‘I have worked with Julian over the past couple of years developing the Bradford Regeneration Academy. He is passionate about creating great places and engenders the same passion in those attending his workshops. Julian is not about chalk and talk but rather about provoking thought and unleashing creativity. Julian gets people out of the classroom, into places and helps them step into the shoes of the users, challenging misconceptions and helping attendees develop new ideas about how they can contribute and work with others to create great places.’ – Colin Bell, managing director, Winning Moves Ltd.
‘Julian has always been a robust champion of good practice in placeshaping and placemaking, through excellent training programmes for local authority members and officers, and the Community Land Trust annual conference series.’ – Stephen Hill, director, Futureplanners.
‘Julian combines several key attributes – a highly developed media personality and communicator, a trainer in effective writing and communication, and expertise in local economic development and regeneration issues. Over the years I have known and worked with Julian, his work has always been of the highest calibre. He is also very personable to deal with and remains very proactive and constructive in his approach. He is always willing to delve into difficult issues head on and pull out many practical examples to illustrate a point.’ – Glenn Athey, director of research and intelligence, East of England Development Agency.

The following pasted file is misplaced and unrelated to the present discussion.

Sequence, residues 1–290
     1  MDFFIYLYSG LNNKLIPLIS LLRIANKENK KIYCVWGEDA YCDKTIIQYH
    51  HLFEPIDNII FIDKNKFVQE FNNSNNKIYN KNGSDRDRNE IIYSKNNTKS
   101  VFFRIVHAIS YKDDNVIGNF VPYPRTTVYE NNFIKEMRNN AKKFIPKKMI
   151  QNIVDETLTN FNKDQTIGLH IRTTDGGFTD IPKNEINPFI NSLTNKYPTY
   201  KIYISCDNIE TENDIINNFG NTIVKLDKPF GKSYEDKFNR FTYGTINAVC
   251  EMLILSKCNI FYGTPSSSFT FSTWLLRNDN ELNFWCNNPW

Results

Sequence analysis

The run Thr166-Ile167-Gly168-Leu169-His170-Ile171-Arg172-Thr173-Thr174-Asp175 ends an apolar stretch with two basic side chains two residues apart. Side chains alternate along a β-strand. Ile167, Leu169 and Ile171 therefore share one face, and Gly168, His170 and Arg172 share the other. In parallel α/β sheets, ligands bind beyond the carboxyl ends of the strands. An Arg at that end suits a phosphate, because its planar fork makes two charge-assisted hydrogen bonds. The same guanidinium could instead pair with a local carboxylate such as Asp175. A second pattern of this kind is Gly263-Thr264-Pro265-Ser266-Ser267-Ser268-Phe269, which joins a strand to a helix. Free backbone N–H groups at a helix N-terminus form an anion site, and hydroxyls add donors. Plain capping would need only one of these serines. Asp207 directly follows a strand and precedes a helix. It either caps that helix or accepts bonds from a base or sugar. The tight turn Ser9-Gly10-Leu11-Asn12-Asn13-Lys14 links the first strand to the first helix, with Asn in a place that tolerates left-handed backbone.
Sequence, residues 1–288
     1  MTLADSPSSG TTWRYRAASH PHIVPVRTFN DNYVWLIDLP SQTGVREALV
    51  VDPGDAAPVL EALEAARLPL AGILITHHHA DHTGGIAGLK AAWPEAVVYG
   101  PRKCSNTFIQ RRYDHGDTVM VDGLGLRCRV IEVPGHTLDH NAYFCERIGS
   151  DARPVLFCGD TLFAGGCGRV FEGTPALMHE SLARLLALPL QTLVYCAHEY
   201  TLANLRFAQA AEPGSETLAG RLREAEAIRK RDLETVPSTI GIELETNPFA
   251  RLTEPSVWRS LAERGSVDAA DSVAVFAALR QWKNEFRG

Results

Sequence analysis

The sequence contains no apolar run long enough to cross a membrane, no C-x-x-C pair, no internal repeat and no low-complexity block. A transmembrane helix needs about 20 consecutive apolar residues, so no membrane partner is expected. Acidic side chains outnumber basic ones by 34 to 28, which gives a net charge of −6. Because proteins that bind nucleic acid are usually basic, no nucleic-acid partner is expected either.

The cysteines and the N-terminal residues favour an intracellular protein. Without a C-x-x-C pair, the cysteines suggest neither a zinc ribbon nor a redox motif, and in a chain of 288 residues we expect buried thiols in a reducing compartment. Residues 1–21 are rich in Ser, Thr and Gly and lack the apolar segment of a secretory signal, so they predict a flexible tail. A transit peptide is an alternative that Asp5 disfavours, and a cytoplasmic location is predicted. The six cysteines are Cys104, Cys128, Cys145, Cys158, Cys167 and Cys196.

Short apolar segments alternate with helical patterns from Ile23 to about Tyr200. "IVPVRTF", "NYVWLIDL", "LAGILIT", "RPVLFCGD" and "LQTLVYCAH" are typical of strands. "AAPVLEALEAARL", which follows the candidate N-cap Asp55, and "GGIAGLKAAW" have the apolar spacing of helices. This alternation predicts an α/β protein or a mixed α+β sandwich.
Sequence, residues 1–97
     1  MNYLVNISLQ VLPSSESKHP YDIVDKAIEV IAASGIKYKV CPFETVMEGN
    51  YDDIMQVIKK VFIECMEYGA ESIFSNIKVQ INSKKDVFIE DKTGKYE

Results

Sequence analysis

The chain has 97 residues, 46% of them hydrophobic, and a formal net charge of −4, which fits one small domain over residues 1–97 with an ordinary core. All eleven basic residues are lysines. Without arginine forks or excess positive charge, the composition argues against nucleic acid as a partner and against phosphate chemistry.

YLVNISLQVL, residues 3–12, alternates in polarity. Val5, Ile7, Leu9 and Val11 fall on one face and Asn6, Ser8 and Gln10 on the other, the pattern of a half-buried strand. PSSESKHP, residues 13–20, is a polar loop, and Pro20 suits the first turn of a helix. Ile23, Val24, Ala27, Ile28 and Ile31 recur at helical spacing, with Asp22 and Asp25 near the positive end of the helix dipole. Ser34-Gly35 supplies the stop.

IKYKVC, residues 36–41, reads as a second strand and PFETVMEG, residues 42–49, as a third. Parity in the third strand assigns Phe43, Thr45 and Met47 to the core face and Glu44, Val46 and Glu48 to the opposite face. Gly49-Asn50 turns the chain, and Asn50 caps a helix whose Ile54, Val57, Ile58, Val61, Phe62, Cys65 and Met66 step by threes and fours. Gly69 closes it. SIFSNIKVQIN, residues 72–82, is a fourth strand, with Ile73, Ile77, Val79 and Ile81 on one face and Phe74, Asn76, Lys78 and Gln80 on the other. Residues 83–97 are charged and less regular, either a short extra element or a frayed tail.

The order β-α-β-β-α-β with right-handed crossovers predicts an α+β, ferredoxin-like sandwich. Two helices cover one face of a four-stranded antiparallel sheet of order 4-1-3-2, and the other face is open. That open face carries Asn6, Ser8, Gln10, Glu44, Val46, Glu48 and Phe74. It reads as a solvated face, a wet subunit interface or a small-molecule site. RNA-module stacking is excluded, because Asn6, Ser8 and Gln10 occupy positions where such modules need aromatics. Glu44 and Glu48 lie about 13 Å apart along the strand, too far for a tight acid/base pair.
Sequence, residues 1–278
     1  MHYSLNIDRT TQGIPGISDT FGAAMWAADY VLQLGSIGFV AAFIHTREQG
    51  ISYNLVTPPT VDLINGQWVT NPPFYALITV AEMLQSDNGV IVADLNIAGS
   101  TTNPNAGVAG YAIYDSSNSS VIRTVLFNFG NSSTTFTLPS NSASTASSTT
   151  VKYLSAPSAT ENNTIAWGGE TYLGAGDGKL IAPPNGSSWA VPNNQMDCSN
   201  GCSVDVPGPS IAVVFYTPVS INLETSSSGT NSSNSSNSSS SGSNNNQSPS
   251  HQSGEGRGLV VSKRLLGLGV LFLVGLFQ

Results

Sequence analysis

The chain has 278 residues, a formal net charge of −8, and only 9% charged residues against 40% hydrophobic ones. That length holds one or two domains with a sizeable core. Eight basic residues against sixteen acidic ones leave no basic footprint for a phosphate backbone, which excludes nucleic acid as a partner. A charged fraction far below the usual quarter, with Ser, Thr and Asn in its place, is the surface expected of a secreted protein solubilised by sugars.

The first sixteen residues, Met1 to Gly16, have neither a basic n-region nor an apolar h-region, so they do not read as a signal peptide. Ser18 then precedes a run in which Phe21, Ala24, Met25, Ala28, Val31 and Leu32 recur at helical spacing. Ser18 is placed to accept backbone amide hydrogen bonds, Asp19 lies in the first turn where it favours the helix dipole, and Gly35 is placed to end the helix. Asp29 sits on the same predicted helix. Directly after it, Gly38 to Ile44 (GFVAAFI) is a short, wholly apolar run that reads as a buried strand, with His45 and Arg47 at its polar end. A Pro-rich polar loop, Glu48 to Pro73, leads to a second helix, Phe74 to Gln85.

Clients are very happy with our research and policy analysis too:
Groundwork UK commissioned us to research trends and influences in local government service commissioning. Director of development Graham Duxbury said: ‘We were really pleased with the end result given the challenge of a broad brief and the fluidity of the policy landscape.’
Meanwhile Mark Mitchell, chair of the Bill Sargent Trust, which commissioned our report Forces for Good, commented: ‘I’ve been very impressed with Julian’s work, both his ability to gather evidence and produce good quality reports and his more general political skills in disseminating the results.’
Other clients are similarly pleased:
‘Julian gets to the heart of the issue, removing the padding to point out the key points, why something is important and then, why is it something that “you” should be interested in. His contacts mean that issues get broadcast widely, ensuring good results in terms of dissemination.’ – Paul Nolan, chief executive, The Mersey Forest.
‘The evaluation [of our work in Wigan] is a very useful tool which we are all positive about. The trustees were pleased with it and it has informed and immediately impacted on the way we function.’ – Stephen Kearney, chief executive, Re:generate.